Monday, November 28, 2011

Bedtime Discipline Plan and a game for Snow Days

Indoor Standing Long Jump
First, the game. It was born on a rainy day not too long ago. For some reason or another I had the masking tape out. Benjamin was jumping around, literally. And -- inspiration! We marked where he started from and how far he could jump with the masking tape on the carpet. An active, indoor game with super easy cleanup! Extensions: indoor hopscotch! mazes! roads for cars!

Benjamin's Bedtime Discipline Plan 
If there was one thing I learned from getting a degree in Elementary Education, it was how to write a darn good discipline plan. Here's ours, to be implemented tomorrow night:

Teach intrinsic motivation:
  • Your body needs good food and good sleep in order to have energy and be strong.
  • When you begin to yawn, your limbs begin to ache, etc. your body is feeling like it wants to go to bed and rest.
  • When you wake in the morning and you feel happy, and your body has energy then you know you got a good night's sleep.
  • You can lay in bed before you feel tired, to help your body begin resting.

Supplement with extrinsic motivation (positive reinforcements and positive punishments):
  • When you get in bed you get a sticker.
  • When you stay in bed all night you get a treat in the morning (new card, piece of candy, extra book, etc.)
  • If you come out of bed you get a yellow light posted on your door.  If you come out of bed again, you get a red light. If you come out another time, you get a sad face on your bedtime chart. All other days (from treat to yellow light) get a happy face.
  • When you earn a predetermined number of happy faces, you earn a big treat (new toy, new book, an outing, a special food, etc.) 

Negative punishments (meaning punishments that take something away, i.e. "give me back the sticker," rather than giving something i.e. "here is a yellow light") don't seem to work well for Benjamin, at least at bedtime. If we try to take something away from him, it starts a huge fit. Counterproductive.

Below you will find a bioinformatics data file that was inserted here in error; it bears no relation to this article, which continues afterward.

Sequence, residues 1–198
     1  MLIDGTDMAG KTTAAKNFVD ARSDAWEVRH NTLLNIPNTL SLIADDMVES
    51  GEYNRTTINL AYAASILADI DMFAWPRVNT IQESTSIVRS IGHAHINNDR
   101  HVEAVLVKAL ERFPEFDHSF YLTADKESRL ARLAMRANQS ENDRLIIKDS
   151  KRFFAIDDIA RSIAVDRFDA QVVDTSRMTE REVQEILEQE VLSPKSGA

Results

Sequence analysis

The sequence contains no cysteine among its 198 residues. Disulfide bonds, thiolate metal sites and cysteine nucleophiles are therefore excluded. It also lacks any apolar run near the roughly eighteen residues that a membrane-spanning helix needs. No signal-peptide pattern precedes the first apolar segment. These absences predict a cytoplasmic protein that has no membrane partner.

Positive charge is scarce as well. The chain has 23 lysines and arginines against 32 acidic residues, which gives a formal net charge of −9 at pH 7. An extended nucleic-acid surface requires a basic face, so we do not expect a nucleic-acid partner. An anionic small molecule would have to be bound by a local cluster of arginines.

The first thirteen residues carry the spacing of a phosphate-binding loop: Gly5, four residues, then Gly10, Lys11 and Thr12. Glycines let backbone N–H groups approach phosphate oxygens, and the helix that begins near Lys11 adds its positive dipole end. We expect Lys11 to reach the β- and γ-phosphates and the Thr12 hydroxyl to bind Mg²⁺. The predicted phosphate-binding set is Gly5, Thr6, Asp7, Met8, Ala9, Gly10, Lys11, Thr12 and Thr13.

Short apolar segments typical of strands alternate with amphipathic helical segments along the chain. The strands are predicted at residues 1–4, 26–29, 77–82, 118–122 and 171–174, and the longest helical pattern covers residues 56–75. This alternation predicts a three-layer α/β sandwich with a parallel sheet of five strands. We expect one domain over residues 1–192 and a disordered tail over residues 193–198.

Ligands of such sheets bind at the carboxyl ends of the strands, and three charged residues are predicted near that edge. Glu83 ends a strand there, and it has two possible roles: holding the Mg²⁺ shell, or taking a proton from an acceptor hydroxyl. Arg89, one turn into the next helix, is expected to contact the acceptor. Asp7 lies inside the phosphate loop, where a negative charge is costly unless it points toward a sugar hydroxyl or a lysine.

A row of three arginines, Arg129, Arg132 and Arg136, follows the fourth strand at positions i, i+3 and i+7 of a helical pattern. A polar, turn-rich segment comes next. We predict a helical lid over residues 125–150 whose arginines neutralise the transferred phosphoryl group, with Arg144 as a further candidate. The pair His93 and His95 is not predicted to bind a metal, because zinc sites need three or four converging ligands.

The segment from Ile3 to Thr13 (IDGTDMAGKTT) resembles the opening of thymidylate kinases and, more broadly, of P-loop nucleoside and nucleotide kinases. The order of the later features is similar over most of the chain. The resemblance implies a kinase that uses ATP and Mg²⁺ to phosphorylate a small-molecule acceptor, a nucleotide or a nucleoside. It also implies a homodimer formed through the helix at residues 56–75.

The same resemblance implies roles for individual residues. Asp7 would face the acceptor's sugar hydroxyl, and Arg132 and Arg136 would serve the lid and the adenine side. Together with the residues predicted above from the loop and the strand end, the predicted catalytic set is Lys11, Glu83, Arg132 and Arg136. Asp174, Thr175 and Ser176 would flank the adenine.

Now. We'll see how this works out. Can his stubborness withstand the warm calculations of a mother who paid attention in her child psychology class? Only time will tell...

Wish us luck, feel free to pray for us (goodness knows we all need more sleep around here, including Levi who gets woken up by huge fits). 


Cami said...

Our curriculum teacher makes us present 2-3 "Facts" i.e. quotes from the book from the chapters for that week. Here is one of the quotes I collected: Providing tangible rewards, such as food, time off, and good-student awards, tends to undermine intrinsic motivation for the rewarded activity. To facilitate intrinsic motivation, it is more important for teachers to plan interesting learning activities, offer more student choice, and ensure challenging work tasks. Intrinsic motivation “promotes creative task engagement, cognitive flexibility, and conceptual understanding of learning activities (p 91). Not sure if that is any help to you in your lovely but complicated discipline plan. I think you are just creating more work and expense for yourself. Experience (with you) tells me that he will finally figure it out if the pressure comes off and he turns 4. I love you all!

Annaliese said...

Thanks for the child psychology 101, Alysa. Keep it coming! After reading this I already started talking to Addie about the reasons why we do things. It's so hard for me to remember that she honestly doesn't know that stuff yet. Also I realized that she doesn't know who Santa is, so I've got a lot of explaining to do.

Annaliese said...

PS-I totally agree about writing down rules/consequences. We were at our wits end with Addie after Carter was born and writing down a few things we were going to be 100% consistent on for 3 weeks was a lifesaver.